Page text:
How to treat “Silo Disorder” as a Detriment to Rural Community Building and Vitality…

by | Aug 2, 2014


Strategic Philanthropy  Click highlighted text for more…




Collective Impact

“Large-scale social change requires broad cross-sector coordination, yet the social sector remains focused on the isolated intervention of individual organizations.”

“Collective Impact!”  Quote from this article from Stanford Social Innovation Review…

“Against these daunting odds, a remarkable exception seems to be emerging in Cincinnati. Strive, a nonprofit subsidiary of KnowledgeWorks, has brought together local leaders to tackle the student achievement crisis and improve education throughout greater Cincinnati and northern Kentucky. In the four years since the group was launched, Strive partners have improved student success in dozens of key areas across three large public school districts. Despite the recession and budget cuts, 34 of the 53 success indicators that Strive tracks have shown positive trends, including high school graduation rates, fourth-grade reading and math scores, and the number of preschool children prepared for kindergarten.”



Ralls, Texas Grain Silos 2010

I was asked again yesterday, what is meant by my reference to a rural community sickness coined by me as “Silo Disorder.”  For starters click on the highlighted text link that defines a “silo” mostly connected with a farming community where grain is stored in tall cylinder structures close to rail transportation.  My work over the past 25 years in rural community building projects reveals that the greatest challenge and obstacle to overcome at the beginning of any project for the “greater good” is to get our neighbors and community leaders to talk to each other, build relationships, discover teamwork, and find common ground…  We often refer to this process as leadership, but I don’t believe defining leadership initially helps…it is too subjective.  Leadership means different things to folks and the dots are rarely connected unless there is a reference to something tangible and attention getting like “silo disorder.”  If we all stay in our tiny sheltered world of self interests only, we never see the light of day or the bigger picture of what we should be talking about to build community vitality where new opportunities are discovered…where innovation happens…where we begin to find new social investment capital never before realized by creating public private partnerships (PPP)… click for graphic images…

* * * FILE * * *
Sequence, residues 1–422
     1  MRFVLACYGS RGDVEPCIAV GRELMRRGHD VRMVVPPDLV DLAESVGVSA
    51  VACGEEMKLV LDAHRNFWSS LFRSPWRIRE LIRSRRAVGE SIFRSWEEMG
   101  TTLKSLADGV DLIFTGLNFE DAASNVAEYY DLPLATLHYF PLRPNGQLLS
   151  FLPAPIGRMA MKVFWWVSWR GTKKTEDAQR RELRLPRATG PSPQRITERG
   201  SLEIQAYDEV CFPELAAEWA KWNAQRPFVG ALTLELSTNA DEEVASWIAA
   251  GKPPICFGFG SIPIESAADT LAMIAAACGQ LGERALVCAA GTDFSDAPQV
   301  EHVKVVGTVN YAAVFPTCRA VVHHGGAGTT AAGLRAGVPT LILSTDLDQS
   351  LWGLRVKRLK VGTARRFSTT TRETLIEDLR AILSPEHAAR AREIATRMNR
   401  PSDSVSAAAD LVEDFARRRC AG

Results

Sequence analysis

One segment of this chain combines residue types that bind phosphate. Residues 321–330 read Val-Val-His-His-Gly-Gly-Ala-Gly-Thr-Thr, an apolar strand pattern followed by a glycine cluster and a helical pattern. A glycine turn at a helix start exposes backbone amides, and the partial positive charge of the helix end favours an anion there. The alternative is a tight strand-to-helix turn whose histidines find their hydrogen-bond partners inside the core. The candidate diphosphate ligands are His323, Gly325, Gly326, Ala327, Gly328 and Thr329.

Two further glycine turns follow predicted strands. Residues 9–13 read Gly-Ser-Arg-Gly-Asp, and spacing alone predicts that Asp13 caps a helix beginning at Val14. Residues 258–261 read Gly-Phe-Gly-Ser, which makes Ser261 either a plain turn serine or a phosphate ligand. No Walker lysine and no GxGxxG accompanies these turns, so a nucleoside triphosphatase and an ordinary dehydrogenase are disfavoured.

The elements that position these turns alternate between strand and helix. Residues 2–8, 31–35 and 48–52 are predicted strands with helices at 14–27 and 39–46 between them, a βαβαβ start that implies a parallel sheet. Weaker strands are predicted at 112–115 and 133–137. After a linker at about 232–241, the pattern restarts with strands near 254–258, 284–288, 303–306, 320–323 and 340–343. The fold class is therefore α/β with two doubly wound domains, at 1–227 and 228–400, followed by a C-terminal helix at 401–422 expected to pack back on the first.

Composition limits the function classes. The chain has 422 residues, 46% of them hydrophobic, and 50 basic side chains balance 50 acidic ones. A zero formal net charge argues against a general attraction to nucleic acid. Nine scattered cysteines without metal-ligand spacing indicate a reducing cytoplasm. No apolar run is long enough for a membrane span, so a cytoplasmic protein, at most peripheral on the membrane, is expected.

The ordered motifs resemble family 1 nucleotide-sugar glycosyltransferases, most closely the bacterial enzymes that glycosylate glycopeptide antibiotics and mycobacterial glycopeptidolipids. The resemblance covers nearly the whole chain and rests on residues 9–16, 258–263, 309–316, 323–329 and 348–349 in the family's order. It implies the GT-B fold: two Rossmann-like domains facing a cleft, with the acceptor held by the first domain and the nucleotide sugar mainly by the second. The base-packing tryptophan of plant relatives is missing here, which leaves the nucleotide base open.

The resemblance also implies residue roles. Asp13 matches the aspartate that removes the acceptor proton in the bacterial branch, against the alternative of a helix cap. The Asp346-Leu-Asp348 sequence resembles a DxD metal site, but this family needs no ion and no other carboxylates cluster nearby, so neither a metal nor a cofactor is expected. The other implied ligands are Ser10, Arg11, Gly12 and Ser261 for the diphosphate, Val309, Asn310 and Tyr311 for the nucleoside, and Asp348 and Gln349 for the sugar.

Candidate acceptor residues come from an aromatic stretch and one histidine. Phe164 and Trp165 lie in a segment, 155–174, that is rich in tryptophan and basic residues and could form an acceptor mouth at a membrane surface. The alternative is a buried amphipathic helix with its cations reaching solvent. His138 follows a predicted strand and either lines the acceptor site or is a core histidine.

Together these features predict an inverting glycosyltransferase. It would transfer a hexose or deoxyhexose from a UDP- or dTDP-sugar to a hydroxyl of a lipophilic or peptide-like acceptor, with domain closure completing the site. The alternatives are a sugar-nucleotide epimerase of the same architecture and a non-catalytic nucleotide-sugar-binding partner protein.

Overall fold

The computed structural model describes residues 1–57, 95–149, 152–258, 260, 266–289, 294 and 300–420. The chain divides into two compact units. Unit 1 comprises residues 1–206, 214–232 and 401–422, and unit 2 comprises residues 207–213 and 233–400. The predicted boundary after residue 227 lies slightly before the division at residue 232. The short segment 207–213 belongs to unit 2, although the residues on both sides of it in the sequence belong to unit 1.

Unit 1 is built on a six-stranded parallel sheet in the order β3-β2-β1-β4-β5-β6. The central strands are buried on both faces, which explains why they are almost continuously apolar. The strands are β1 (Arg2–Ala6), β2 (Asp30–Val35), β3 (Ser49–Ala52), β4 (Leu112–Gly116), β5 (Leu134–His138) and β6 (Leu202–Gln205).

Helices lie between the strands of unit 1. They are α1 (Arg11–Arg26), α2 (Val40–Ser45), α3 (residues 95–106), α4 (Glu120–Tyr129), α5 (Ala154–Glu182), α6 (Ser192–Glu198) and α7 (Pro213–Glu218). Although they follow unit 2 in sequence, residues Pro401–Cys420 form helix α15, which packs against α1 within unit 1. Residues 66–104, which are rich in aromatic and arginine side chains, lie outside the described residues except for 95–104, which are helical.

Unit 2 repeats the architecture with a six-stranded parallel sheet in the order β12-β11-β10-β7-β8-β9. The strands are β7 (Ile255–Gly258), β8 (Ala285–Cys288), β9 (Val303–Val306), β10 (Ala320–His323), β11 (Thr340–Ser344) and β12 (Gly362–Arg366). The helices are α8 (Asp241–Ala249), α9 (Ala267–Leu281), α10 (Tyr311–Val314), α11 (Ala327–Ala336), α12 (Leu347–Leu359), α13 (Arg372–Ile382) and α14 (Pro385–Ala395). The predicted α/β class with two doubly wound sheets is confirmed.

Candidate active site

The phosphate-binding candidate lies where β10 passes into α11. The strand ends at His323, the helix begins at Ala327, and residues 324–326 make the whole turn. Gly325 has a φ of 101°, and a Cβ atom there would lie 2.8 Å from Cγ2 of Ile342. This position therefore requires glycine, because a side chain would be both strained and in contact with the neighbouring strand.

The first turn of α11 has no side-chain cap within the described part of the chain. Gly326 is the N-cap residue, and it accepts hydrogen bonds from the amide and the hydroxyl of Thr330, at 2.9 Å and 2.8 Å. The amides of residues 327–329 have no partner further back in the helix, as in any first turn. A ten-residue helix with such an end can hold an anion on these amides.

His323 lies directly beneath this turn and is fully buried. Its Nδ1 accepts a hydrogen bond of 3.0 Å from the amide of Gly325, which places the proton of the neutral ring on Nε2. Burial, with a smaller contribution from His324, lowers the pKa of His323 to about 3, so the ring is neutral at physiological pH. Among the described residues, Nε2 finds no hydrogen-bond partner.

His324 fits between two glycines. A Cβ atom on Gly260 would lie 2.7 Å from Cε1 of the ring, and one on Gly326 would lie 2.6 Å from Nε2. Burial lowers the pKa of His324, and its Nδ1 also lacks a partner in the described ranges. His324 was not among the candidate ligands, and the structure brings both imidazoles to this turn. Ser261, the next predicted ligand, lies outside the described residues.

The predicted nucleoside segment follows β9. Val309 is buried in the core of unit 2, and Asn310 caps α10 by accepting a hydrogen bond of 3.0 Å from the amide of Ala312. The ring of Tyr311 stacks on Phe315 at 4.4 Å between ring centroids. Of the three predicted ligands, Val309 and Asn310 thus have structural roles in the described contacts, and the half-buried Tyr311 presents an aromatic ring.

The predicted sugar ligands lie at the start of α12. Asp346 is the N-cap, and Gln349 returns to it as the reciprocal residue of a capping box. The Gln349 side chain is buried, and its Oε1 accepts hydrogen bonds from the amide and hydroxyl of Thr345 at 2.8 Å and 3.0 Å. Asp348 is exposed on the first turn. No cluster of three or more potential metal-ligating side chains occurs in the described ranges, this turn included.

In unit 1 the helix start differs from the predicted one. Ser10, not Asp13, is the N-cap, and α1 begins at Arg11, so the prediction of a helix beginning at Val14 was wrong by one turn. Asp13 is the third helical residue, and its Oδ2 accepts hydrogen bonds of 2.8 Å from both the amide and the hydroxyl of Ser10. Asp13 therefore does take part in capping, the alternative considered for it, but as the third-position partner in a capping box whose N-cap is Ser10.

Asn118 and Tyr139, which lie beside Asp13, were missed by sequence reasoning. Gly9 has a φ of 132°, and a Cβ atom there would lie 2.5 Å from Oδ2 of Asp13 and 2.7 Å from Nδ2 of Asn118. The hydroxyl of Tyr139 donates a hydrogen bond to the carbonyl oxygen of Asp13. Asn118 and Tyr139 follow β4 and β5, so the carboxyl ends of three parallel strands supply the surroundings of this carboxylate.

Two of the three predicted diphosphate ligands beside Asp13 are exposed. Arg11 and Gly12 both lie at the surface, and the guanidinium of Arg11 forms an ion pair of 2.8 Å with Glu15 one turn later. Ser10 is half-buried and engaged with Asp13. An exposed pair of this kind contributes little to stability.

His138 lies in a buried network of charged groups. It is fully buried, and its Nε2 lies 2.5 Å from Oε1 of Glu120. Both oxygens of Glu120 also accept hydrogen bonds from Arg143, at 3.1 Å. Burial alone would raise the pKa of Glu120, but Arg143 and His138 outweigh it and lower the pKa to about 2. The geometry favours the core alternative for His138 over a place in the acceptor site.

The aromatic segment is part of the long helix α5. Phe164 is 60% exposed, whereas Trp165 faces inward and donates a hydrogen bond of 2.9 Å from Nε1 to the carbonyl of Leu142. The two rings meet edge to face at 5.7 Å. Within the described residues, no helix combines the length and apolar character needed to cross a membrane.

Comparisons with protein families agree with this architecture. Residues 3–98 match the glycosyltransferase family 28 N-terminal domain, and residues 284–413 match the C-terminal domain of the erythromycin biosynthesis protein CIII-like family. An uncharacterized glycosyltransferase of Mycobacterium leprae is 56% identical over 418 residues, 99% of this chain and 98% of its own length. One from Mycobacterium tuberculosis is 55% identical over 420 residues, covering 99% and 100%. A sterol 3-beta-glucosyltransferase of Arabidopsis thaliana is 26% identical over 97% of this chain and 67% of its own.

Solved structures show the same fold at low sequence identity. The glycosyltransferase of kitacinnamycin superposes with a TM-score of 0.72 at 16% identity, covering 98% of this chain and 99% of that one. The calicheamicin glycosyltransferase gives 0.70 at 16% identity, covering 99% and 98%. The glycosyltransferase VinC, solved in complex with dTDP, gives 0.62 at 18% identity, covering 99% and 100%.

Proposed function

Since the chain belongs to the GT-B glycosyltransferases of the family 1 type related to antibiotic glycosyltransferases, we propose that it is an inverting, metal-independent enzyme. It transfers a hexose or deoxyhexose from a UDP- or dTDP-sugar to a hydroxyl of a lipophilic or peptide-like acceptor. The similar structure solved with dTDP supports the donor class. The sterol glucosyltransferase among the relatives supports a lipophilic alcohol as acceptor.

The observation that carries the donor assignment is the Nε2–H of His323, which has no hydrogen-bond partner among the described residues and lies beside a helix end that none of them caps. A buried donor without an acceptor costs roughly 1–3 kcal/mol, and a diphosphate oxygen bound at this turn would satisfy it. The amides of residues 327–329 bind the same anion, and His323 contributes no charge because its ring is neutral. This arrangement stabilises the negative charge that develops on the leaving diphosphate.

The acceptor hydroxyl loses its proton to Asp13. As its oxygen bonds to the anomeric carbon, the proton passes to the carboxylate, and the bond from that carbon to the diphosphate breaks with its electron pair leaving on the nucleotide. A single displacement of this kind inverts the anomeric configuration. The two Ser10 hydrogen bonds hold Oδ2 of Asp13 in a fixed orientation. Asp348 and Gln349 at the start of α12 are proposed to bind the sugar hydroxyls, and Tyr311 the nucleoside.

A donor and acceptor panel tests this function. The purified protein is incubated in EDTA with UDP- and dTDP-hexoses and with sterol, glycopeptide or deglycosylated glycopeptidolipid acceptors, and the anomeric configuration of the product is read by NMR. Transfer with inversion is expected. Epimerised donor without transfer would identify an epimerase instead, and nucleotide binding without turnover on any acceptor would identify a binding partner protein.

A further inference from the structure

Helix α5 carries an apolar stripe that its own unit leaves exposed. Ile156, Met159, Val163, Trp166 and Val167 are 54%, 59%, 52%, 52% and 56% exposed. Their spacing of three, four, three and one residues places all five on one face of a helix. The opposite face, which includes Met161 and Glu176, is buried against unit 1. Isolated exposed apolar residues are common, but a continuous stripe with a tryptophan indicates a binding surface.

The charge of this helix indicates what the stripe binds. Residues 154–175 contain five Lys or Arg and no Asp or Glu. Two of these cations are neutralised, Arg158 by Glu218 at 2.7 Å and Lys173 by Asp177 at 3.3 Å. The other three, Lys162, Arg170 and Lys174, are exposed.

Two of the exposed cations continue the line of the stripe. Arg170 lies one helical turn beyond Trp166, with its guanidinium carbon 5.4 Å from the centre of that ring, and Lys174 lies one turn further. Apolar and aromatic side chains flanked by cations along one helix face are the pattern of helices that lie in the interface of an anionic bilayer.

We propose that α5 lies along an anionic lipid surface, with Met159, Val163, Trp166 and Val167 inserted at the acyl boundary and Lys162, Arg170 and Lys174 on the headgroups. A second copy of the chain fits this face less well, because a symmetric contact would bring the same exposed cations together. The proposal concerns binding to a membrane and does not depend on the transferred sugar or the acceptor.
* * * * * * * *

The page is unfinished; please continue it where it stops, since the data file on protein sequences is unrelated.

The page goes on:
Communities everywhere dream about economic development and improving the community as a popular destination point for vacationers and travelers, including building a much better quality of life for citizens, but can’t seem to make it happen until tearing down the silo mentality and start talking and trusting each other.  We residents and community leaders often find ourselves stuck in the mud for decades because we spend our time picking on each other about the small stuff, and never get to the part where a strategic plan for the greater good comes into clear view.

We have to stop all the silliness and ignorance right now where ever we live and get down to the basics of building a community culture that thrives.  Get all these individual self interest groups, including local government, business, non-profits, schools, colleges, chambers of commerce, home owner associations, young adults, adults, seniors, moms, dads, parents, and grand parents, including the kids to hold hands and start talking… amazing stuff will happen in your community!  Go for it and stop whining, complaining, and blaming.  It takes a village, a team, and strong leadership to build a thriving community.  We have to do this work for the greater good together with common goals and strategic plans…  Start talking and trusting your friends and neighbors and get to work!

Steve Sparks, Author, My Journey of Healing in Life After Trauma, Part 1 and Reconciliation: A Son’s Story…  Click on the highlighted text for my author page…


Vice Chair,, Depoe Bay, Oregon


Neighbors for Kids, Depoe Bay, Oregon…A public private partnership (PPP)…click for larger view…

About the author

Steve Sparks is a retired information technology sales and marketing executive with over 35 years of industry experience, including a Bachelors’ in Management from St. Mary’s College. His creative outlet is as a non-fiction author, writing about his roots as a post-WWII US Navy military child growing up in the 1950s-1960s.
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